I knew what it was like to take a child to the emergency room and I also knew what it was like to have someone you love admitted to the hospital. I thought I knew a lot about medical care until a year ago when my daughter spent five days in the PICU.
PICU stands for Pediatric Intensive Care Unit. Most full-service children’s hospitals will have a floor that is specifically for intensive care patients. I think for most when anyone hears “intensive care unit,” they know that patient’s condition is serious. That is all I knew before my child was in the PICU for the five days. Come to find out, there was so much more to know and learn about the PICU rules and care environment.
Besides the fact that my child was very sick, we were in this tiny room with no privacy. Yes, I wanted the 1:2 nurse/patient ratio and monitoring, but for a stressed-out mommy, it was hard not having a place I could have a private conversation and just vent without leaving my child.
The rules on visitors will vary but when my daughter stayed, only two people could be in the room at a time. Another very hard rule for me was the “no eating in the room” rule. I could have a drink in her room with a lid, but no food. That meant I had to leave her bedside to eat. This was difficult for me to do, but I had to eat, so I did, very quickly.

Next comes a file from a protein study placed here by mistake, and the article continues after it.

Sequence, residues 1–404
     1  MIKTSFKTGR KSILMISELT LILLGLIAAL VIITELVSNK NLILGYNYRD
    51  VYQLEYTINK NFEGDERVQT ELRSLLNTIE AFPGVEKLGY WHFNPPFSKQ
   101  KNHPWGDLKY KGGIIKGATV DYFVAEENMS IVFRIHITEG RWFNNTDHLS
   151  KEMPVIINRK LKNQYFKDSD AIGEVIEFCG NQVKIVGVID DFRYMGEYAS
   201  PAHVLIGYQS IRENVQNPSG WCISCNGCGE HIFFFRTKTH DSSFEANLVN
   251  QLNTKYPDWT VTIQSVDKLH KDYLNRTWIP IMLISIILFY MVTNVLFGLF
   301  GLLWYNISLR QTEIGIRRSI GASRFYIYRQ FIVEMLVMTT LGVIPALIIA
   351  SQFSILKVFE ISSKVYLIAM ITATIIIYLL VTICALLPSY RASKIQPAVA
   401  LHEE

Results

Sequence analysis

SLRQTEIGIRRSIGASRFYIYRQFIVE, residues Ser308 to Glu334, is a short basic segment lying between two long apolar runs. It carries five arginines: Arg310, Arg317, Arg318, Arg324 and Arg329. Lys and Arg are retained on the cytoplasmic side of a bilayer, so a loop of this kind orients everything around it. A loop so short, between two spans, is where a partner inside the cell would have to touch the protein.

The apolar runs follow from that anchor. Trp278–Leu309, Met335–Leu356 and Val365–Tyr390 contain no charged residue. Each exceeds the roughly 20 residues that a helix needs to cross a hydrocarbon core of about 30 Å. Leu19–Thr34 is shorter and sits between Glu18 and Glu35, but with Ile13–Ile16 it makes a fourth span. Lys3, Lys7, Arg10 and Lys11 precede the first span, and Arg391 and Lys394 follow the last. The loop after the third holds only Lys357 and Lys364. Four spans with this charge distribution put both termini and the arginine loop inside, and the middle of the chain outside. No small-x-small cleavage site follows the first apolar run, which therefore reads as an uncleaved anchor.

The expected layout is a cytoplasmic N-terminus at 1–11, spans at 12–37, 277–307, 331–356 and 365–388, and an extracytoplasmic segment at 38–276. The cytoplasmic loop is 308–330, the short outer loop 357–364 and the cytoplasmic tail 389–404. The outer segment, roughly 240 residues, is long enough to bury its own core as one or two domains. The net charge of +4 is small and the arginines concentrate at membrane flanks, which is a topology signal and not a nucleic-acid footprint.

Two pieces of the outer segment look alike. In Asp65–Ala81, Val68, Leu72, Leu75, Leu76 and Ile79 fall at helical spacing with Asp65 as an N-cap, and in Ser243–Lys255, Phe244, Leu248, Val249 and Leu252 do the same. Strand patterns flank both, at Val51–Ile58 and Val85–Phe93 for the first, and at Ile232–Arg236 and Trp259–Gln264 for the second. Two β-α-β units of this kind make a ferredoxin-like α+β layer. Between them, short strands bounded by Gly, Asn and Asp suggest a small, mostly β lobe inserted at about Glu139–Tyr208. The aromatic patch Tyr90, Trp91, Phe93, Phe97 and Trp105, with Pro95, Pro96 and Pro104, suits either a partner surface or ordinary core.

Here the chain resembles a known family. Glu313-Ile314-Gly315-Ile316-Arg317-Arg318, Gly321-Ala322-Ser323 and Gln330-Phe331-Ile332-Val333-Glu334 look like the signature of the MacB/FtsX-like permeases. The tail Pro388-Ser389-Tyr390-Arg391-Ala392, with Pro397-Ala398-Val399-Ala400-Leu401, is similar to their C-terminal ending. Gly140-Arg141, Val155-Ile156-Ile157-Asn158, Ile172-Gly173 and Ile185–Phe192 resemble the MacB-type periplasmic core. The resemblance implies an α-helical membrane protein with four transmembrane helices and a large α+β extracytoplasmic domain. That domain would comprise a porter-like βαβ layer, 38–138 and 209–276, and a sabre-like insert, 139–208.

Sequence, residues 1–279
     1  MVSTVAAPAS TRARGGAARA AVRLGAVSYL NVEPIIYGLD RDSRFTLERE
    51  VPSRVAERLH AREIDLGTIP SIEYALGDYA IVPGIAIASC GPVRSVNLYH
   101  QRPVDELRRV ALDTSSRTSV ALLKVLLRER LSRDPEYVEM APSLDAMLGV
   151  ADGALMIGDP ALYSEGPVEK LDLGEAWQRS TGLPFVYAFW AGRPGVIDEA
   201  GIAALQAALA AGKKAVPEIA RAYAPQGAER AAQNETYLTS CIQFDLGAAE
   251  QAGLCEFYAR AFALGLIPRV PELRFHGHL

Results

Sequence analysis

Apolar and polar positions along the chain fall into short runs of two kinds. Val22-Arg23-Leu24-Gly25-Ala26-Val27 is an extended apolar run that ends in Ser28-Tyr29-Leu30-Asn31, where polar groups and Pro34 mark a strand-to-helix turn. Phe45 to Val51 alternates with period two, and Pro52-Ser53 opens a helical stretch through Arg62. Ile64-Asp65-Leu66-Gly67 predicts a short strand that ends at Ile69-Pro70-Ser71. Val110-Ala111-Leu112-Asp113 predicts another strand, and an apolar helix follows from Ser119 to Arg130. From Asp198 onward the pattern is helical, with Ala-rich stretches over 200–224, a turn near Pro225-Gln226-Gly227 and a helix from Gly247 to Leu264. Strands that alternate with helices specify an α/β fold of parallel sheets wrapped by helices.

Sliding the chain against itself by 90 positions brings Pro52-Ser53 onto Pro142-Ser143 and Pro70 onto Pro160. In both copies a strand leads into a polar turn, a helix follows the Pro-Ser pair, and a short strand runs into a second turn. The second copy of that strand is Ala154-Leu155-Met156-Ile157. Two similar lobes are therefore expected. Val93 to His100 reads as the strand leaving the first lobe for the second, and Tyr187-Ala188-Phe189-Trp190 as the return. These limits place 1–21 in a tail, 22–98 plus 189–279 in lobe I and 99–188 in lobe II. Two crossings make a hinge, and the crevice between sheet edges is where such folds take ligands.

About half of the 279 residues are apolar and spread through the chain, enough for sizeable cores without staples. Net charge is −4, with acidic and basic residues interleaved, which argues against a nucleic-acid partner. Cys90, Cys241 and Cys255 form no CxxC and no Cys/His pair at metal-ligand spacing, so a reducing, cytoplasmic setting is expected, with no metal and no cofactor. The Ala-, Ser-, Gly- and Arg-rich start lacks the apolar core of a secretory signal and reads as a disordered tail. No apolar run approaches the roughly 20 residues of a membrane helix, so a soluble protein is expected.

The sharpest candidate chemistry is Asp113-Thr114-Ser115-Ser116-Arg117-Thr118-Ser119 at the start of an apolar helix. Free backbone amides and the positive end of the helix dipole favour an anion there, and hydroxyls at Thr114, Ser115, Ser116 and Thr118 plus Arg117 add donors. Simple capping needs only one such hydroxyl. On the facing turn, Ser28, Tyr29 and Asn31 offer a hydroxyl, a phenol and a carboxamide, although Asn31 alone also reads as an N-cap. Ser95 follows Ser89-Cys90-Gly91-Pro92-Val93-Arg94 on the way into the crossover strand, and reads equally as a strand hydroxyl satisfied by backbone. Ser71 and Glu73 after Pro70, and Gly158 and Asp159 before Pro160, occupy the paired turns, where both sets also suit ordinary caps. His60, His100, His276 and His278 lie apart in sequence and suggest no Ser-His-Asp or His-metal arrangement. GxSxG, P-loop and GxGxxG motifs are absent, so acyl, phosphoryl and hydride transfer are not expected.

The absolute worst part was that the rooms did not have their own bathrooms. I am a “middle of the night potty user.” Getting up when I was beyond exhausted to find a bathroom down an unfamiliar and long hallway, was very difficult.
The PICU is designed for the maximum level of patient care and attention. That means it operates very differently from a regular hospital unit. It takes some adjustment and flexibility on our part when our child is a patient there. So, I suggest you find out the rules and figure out the best way for you and your family to meet them while your child is receiving care in the Unit. We did make it through the experience and I am hoping that is it for a very long time!
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Giving yourself permission to take the time you need when you are ill can bring about good, healthy outcomes.
Categories: Diagnosis & Health Care
My son is 7-years-old and still drinks from a bottle. We didn’t plan this, and we have tried to work around it. But the bottle gives him the flow control he needs to digest liquids properly.